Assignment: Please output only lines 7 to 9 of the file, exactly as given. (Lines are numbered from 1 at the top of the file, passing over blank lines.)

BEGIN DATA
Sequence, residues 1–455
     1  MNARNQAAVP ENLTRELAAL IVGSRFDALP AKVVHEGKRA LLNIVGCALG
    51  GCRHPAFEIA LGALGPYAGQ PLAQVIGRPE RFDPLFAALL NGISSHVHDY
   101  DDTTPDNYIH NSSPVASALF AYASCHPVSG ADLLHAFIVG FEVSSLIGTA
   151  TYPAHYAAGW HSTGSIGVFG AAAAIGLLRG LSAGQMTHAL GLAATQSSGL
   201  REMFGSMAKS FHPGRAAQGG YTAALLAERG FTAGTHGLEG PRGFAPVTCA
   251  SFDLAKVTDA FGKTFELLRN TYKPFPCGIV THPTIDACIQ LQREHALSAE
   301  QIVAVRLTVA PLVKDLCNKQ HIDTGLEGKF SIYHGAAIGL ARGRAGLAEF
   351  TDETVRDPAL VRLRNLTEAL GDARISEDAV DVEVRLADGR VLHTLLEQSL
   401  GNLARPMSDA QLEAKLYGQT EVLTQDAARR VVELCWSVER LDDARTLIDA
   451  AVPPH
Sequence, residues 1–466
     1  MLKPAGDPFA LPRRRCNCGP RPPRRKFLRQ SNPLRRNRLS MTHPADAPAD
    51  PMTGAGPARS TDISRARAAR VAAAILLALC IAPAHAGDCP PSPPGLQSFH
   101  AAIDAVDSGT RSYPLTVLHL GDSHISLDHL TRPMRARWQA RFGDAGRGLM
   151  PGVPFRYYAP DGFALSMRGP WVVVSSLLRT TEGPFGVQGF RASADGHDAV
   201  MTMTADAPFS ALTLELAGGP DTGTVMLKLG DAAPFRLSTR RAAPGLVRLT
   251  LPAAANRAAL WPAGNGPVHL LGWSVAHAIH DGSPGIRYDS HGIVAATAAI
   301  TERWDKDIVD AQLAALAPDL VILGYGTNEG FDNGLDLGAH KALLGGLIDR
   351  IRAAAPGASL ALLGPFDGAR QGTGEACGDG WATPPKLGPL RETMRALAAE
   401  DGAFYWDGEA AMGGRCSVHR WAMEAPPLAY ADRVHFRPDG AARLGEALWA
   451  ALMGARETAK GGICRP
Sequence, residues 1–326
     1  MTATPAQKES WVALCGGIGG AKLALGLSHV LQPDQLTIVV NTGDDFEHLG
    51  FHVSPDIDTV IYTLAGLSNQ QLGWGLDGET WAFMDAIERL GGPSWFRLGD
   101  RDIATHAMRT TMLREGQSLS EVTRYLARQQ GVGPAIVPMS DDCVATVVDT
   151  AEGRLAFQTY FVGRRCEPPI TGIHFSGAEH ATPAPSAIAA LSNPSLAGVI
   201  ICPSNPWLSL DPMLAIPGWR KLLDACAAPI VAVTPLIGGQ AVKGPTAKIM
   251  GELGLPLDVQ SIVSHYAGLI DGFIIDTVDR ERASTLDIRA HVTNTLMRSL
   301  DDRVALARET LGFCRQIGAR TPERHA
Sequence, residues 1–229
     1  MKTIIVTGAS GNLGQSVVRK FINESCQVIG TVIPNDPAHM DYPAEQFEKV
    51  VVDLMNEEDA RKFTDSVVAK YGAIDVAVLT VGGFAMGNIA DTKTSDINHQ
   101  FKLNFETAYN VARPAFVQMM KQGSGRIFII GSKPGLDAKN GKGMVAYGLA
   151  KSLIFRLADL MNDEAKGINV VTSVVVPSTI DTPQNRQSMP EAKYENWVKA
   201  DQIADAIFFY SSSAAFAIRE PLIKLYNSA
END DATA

   251  SFDLAKVTDA FGKTFELLRN TYKPFPCGIV THPTIDACIQ LQREHALSAE
   301  QIVAVRLTVA PLVKDLCNKQ HIDTGLEGKF SIYHGAAIGL ARGRAGLAEF
   351  TDETVRDPAL VRLRNLTEAL GDARISEDAV DVEVRLADGR VLHTLLEQSL